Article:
Nobuyoshi Araki's 'Flower Rondeau' series takes its name from a form of medieval French musical poetry, which the artist channels through his tightly cropped, lustrous compositions [...] Like his contemporary Robert Mapplethorpe, Araki's flower photographs demonstrate the powerful symbolism of nature and comment on our own undeniable fears and instincts.
In relation to these works, Araki wrote: “Flowers become more enriched with life as they approach their death. The most beautiful moment is just before they perish. When coming close to them, one is enraptured with sexual spirituality and I can hear the Flower Rondeau.”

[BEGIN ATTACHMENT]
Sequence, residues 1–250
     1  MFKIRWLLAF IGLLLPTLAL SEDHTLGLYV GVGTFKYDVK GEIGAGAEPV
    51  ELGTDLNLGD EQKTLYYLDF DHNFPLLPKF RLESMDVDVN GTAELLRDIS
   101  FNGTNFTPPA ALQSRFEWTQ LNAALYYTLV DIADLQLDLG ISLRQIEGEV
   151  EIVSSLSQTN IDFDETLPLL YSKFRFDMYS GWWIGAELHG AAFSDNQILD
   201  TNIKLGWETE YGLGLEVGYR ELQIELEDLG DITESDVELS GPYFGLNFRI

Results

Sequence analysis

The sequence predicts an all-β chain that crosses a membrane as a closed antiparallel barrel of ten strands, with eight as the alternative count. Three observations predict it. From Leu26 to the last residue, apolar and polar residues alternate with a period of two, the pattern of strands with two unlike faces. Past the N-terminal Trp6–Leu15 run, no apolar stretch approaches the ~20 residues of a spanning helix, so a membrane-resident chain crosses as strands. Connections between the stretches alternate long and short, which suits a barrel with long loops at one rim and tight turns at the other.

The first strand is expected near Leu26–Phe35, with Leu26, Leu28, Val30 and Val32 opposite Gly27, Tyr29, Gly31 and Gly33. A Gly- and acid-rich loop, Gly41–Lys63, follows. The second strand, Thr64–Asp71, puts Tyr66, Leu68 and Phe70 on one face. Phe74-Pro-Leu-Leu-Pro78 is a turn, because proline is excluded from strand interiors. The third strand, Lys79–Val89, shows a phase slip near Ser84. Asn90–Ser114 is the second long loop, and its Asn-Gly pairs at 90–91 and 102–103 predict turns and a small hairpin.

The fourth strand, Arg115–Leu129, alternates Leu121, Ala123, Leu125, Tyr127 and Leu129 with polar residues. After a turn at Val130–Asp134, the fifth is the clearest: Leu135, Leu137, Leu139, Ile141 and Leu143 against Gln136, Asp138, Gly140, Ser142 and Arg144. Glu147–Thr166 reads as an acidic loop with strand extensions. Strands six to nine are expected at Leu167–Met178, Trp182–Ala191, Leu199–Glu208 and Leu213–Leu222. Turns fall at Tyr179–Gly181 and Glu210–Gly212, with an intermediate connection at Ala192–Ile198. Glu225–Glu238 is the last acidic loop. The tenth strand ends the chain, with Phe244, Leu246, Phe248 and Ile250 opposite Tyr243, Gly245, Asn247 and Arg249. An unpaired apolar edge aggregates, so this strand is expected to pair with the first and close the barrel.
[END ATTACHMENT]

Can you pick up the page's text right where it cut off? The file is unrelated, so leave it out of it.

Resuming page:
In many of his signature compositions, Araki juxtaposes ikebana flower arrangements and kinbaku bondage performances, appropriating conventions taken from Japan’s aesthetic history to sensationalist effect. Araki’s mastery of dramatic - and specifically erotic - tension creates unique and challenging works of contrast. Amongst the first artists to flaunt Japan’s obscenity prohibitions against showing pubic hair, Araki has refused to give in to public consternation or even interventions staged by the police.
Nobuyoshi Araki: Self. Life. Death.,
2005, Phaidon Press